The evolution, challenges and future of AutoSAR
Problems with legacy methods in Automotive Industry
A few decades back, automotive applications were developed in a monolithic way. The developer used a sensor, microcontroller and RTOS, and an application was put together. This made the application tightly bound to the hardware as well as to the RTOS that was used. Maintenance and change were enormous challenges with such a legacy code. The application was thus tightly coupled with the underlying system and not developed with change in mind.
A lot of development and testing effort goes into an application before it can be considered fit for vehicle production. When the same system has to be reused for a different vehicle or changed for a new model of the same automotive, it could create problems. The software would need a change from the lowest layer to the uppermost layer of the application requiring a lot of development and testing effort for even a tiny change. This was a complicated task needing time as well as effort. If the same application were to go into more vehicle models, each model’s development and testing effort would be massive.
To overcome these problems, the automotive industry players such as BMW, Continental AG, Daimler-Benz, Robert Bosch GmbH, and Siemens VDO co-developed AutoSAR. It’s an open industry-standard architecture for electrical and electronic devices in an automobile. It is standardized as well as open automotive software architecture.
What is AutoSAR, and where is it used?
AutoSAR (Automotive Open Source Architecture) is a standard for making the software components of a vehicle ECU. It is used in modern vehicles and is aimed at standardizing software architecture for the automotive industry. As the standardization of code increases and software components become more complex, the need for utilizing standard code is increasing. Therefore, the purpose of AutoSAR is to simplify the development life cycle and lower costs by streamlining the process of developing software for embedded devices using standardized components. Furthermore, with the growing complexity of modern vehicles, AutoSAR aims to simplify, standardize and abstract common ECU logic to reduce software development time and cost.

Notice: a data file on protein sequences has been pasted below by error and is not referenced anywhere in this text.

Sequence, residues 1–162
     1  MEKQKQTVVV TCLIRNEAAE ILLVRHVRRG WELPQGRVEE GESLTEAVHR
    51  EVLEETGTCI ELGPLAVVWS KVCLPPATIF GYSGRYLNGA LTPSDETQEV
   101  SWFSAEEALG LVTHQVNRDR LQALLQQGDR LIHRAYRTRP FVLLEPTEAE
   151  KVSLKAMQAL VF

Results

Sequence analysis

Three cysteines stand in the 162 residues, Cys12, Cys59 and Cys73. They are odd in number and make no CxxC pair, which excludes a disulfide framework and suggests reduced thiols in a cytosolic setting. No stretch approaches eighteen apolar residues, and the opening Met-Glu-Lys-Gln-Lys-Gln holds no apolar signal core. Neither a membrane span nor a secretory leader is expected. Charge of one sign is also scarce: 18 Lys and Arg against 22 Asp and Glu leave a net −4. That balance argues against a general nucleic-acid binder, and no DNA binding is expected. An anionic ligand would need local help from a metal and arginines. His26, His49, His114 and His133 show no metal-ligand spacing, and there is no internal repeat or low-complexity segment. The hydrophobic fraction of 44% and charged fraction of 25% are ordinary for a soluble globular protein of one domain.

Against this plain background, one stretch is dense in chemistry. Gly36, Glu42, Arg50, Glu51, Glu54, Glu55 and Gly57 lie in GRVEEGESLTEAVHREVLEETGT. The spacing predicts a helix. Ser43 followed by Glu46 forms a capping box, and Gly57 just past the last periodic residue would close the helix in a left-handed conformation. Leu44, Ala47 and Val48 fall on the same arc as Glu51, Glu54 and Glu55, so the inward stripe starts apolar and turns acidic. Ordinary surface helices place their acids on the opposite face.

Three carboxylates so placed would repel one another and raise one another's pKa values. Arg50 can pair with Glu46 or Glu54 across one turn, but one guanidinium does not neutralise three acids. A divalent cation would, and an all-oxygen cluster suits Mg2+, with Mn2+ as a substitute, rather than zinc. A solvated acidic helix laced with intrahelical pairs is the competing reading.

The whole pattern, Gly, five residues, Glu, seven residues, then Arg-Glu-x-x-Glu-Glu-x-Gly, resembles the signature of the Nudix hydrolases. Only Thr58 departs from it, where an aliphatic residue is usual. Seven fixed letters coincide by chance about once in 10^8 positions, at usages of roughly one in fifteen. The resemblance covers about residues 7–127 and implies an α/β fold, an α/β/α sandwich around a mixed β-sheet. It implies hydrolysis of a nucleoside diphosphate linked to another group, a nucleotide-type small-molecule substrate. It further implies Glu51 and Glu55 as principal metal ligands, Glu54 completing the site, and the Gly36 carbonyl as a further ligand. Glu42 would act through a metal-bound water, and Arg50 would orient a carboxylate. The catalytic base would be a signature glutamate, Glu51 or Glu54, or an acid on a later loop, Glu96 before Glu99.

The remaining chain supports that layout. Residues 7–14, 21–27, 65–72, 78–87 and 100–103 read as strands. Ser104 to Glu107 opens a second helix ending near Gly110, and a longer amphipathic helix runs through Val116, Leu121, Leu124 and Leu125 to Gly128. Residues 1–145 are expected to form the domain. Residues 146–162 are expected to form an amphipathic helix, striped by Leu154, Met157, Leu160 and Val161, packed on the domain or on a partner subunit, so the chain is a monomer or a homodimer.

We have two types of AutoSAR architectures.
- Classic AutoSAR – The Classic Platform is AUTOSAR’s solution for embedded systems with hard real-time and safety constraints.
- Adaptive AutoSAR – The Adaptive Platform is AUTOSAR’s solution for high-performance computing ECUs to build safety-related systems for use cases such as highly automated and autonomous driving.
AUTomotive Open System ARchitecture (AUTOSAR) is a joint venture between automotive interested parties founded in 2003. This body of automotive players creates and establishes an open and standardized software architecture for automotive electronic control units (ECUs). With a sea-change in the automotive software ecosystem, the software now requires frequent updates. Additionally, there is a need for flexibility and computing prowess that has never been felt before. And the Classic AutoSAR platform is not designed for this. So Adaptive AutoSAR was introduced later.
A Comparison Between Classic and Adaptive AUTOSAR
|Classic AutoSAR||Adaptive AutoSAR|
|First release in 2004||First release in 2018|
|Proprietary: Supports only AutoSAR||Proprietary: Supports Vector and Electrobit Products|
|It runs on OSEK based Operating System||It runs on POSIX 51 based Operating System|
|The Software Executes from ROM Memory||The Software Executes from RAM Memory|
|It works on signal based communication like CAN, LIN & FlexRay.||It works on service based communication like Ethernet.|
|Applications are written in C Language||Applications are written in C++ language|
|It supports Safety up to ASIL D||It supports Safety up to ASIL B|
|It will be used in sensor and actuator interfacing||It will be used in ADAS, AI, Machine Learning (For complex ECU Development)|
The most prominent change that Adaptive AutoSAR has on a vehicle architecture is the application of Ethernet all across the communication network. The adaptive ECUs communicate over the Ethernet, while the Classic ECUs communicate over vehicle BUS networks like CAN or LIN.
Classic AutoSAR Architecture
Adaptive AutoSAR Architecture
Automotive requires the most flexible and scalable software because its requirements continuously update to add new features. To put it simply, Adaptive AutoSAR is a new standard that includes unique needs and resources, as mentioned earlier. And it does this by being flexible and leveraging high-performance computing.
Adaptive and Classic AutoSAR are complementary and, hence, can co-exist. Their features are equally relevant to the automotive industry. Classic AutoSAR specializes in functional ECUs where software is deeply embedded, and Adaptive AutoSAR is more futuristic by virtue of which it can help execute autonomous driving as a functionality. There are predictions that a time may come when Adaptive AutoSAR may be used as THE platform for ECU software development, but we’ll have to wait and watch.
AutoSAR extends the existing methodology into a standard approach for both the Classic and the Adaptive platforms. With flexible gateways, automotive engineers can only think of joining these worlds and making the most of them.